After more than 14 months of his illegal detention in Cape Verde, ordered by the United States (US) government, Venezuelan Ambassador Alex Saab remains firm in the struggle to be released in the face of the illegal maneuvers by the US with the government of Cape Verde.

In an article published by the US magazine Counter Punch in its digital version, written by Roger Harris -part of the free Alex Saab delegation that went to Cape Verde-, they relate that the Venezuelan ambassador is facing this flagrant attempt of extraterritorial judicial overreach by the US, which recently evidenced not having the arguments to execute the act, requesting a 30-day extension to try to answer the appeal filed by Saab’s defense before the US 11th Circuit Court.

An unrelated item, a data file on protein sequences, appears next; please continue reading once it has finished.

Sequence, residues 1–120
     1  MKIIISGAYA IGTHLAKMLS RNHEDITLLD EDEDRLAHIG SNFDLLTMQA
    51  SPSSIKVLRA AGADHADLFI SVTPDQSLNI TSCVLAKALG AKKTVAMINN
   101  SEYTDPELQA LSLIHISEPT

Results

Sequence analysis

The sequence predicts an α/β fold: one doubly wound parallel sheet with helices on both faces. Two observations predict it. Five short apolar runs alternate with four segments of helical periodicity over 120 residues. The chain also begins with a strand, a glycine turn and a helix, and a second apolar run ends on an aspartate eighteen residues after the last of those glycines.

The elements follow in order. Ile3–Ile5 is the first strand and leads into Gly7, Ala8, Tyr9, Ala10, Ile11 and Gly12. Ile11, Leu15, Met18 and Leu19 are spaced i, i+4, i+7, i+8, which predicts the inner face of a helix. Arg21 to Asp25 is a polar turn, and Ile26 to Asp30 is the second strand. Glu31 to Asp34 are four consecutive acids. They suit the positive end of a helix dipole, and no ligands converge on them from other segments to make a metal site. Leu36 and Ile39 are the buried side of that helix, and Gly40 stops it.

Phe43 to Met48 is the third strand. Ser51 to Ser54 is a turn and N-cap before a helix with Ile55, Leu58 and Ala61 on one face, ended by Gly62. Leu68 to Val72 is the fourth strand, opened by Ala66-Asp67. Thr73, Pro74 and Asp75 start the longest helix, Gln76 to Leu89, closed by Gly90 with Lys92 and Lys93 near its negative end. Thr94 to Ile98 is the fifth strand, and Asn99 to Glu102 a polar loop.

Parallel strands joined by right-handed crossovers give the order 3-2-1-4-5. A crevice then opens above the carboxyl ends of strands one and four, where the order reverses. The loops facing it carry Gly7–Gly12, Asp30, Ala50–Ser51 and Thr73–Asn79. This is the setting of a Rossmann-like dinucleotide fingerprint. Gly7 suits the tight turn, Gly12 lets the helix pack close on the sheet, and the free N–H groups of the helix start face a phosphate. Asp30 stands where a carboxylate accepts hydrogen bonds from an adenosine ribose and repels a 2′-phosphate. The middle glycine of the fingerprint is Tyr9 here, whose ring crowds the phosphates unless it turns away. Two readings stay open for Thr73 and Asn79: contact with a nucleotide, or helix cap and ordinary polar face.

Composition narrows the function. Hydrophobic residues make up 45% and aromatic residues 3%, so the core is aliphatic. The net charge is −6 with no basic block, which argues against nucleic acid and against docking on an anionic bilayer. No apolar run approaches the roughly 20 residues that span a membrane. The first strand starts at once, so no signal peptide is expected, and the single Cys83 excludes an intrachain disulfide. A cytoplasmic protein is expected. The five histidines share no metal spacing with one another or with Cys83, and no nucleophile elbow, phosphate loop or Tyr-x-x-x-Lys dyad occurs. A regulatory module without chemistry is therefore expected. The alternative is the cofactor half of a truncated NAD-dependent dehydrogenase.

“This dilatory legal tactic is probably a US stratagem” to try to bring the kidnapping of the Venezuelan Special Envoy to Iran to US territory “without recognizing his diplomatic immunity”, refers the media.

US maneuvers against Ambassador Alex Saab

According to the Vienna Conventions, an accredited ambassador like Saab has absolute immunity against arrest, even in time of war. The United States does not recognize Saab’s status as if Washington has the authority to qualify whom other countries may choose and receive as their ambassadors.

To begin with, Saab’s arrest on June 12, 2020 was arbitrary, illegal and irregular. While en route from Caracas to Tehran, his plane was diverted to Cape Verde for a technical refueling stop. Saab was forcibly removed from the plane by Cape Verde police who did not have an arrest warrant.

The day after the illegal detention, the United States had Interpol issue a Red Notice, which it later cancelled. And when the arrest warrant arrived after the fact, it was in the name of a person who was not Alex Saab. That is the truly absurd legal basis for the arrest of the diplomat.